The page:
They are the "angry old men", the "senior shooters", the perpetrators of "grey rage" - call them what you like. But in the week that the United States commemorated the first anniversary of its most murderous school shootings, at Columbine High School in Colorado, another scourge loomed: it was pensioners who were toting guns to deadly effect.
A total of four people were killed and nine injured in two shootings at housing complexes for the elderly. To call them old-age homes would be a misnomer: the first was Lincoln Park Senior Tower, a high-rise block in a suburb of Detroit occupied by lower-income pensioners. The second was on the other side of the country at Ventana Lakes near Peoria in Arizona, the sort of landscaped complex of detached houses, tennis courts, swimming pools and clubhouses much favoured by middle- and upper-income Americans when they retire.
Aside from geography and economics, however, the two incidents had much in common. In Lincoln Park, Ken Miller, 56, was threatened with eviction after accusations from residents that he used bad language. On Tuesday, after several warnings, he was called to a meeting with the administrator to be given notice to quit. Reports said that he stormed out of the meeting saying: "You're not going to assassinate my character and you haven't heard the last from me."
He returned later with a rifle, firing at his accusers and anyone else who got in the way. Two elderly women were killed and six other people were taken to hospital. After rampaging through the building, he was found locked in a flat, suffering the effects of an overdose of painkillers. His son said that his father had been adamant that the charges against him were unfounded and that he was the victim of a vendetta.
At Ventana Lakes, the pensioner gunman was Richard Glassel, 61, who had been engaged in something akin to a running battle with the management on the subject of landscaping. Glassel, fellow residents said, wanted the bushes around his house to be allowed to grow full and luxuriant. The estate rules, though, dictated that they be cut back. "He ordered the landscape committee not to take care of his yard, and you're not allowed to do that," a fellow resident said, noting that Glassel would have signed up to the rules before he moved into his house.
Over the past year, Glassel had apparently defaulted on his mortgage, and the house had been repossessed. But before he left, he had comprehensively vandalised it inside, sawing the bath and kitchen cabinets, cutting the wiring, and removing appliances. Residents said that they had not seen him for months when he suddenly turned up again last week, stormed into a meeting of the residents' association and opened fire with a rifle and two handguns. Two women were killed and three others injured. He was stopped only when his rifle jammed and half a dozen residents tackled him.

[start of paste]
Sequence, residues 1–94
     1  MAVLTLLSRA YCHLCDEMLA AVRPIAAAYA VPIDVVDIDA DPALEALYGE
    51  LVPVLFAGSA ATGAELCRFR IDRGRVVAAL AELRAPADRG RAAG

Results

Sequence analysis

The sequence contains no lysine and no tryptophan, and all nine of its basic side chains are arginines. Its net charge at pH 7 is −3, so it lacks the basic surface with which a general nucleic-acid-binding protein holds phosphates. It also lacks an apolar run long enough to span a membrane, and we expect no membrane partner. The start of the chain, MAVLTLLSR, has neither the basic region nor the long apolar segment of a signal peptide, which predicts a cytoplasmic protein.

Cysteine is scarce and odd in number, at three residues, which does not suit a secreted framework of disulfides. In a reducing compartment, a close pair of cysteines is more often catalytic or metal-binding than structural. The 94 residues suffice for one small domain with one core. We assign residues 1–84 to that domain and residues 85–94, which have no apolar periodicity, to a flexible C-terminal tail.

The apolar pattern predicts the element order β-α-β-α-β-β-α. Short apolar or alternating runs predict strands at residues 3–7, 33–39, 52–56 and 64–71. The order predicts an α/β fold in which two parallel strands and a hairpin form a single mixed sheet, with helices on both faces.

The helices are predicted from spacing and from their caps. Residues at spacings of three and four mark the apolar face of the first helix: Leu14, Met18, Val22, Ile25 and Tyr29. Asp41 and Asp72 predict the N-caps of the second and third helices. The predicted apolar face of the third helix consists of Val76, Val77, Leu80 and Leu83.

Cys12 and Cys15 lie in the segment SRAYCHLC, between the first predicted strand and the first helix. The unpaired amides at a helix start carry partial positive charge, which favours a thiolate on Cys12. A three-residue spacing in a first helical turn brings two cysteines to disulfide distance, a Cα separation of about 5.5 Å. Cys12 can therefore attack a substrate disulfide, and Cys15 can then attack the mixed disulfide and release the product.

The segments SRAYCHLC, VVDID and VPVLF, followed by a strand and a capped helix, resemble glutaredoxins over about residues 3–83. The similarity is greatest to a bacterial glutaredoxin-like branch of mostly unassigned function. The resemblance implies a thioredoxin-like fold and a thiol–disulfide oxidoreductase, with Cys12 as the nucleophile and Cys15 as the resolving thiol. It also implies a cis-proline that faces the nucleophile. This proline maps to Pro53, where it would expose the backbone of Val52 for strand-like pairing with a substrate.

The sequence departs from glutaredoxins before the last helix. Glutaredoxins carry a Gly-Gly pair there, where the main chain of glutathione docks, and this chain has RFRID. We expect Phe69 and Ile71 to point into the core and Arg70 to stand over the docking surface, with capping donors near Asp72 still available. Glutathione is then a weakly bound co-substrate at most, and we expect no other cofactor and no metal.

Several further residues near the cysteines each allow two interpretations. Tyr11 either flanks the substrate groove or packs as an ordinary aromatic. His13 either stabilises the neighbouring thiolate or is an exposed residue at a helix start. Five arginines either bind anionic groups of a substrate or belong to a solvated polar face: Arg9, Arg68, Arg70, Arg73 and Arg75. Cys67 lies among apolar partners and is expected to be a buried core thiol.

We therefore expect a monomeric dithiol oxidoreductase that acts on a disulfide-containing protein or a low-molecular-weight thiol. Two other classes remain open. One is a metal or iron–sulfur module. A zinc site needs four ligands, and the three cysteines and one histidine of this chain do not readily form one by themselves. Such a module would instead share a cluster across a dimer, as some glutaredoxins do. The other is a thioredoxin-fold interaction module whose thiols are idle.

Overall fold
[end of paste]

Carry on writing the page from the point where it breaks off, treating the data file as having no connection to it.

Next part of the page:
In both cases, the gunmen were white, suburban and hitherto law-abiding citizens who seem to have stored up their anger for years before they finally snapped. But they were also known to turn to anger quickly and were viewed by their peers as anti-social misfits - just like their much younger counterparts in the rash of school shootings. The availability of firearms made their rage deadly.
In both cases, too, what they were railing against was the pressure applied by their peers to conform. To be sure, they had signed up to the rules and the majority clearly complied. But the pettiness of rules that allowed a dirty joke or a preference for shaggy bushes to be grounds for eviction is predicated on the communities being completely homogeneous or run as mini-dictatorships.
The trend for Americans, especially older white Americans, to move into private estates cuts them off from the diversity of life outside. Often called "adult" communities, these blocks or estates are restricted by age to the point of excluding all children, except as very temporary visitors.
They set income requirements that have the effect of excluding those of a different economic group. And the disparity in life expectancy means that men find themselves, perhaps for the first time, in a minority - and one that is organised and led by women.
For many residents, this is the first time they have ever had leisure on their hands and they apply the same zeal for organisation to their retirement that they applied to their working lives. There are classes and committees and participation is expected. Space for the loner is limited.
As the baby-boomers start to collect their pensions, simple demography dictates that there will be more and more angry old men to vent their resentment. "Grey rage" is at hand.Reuse content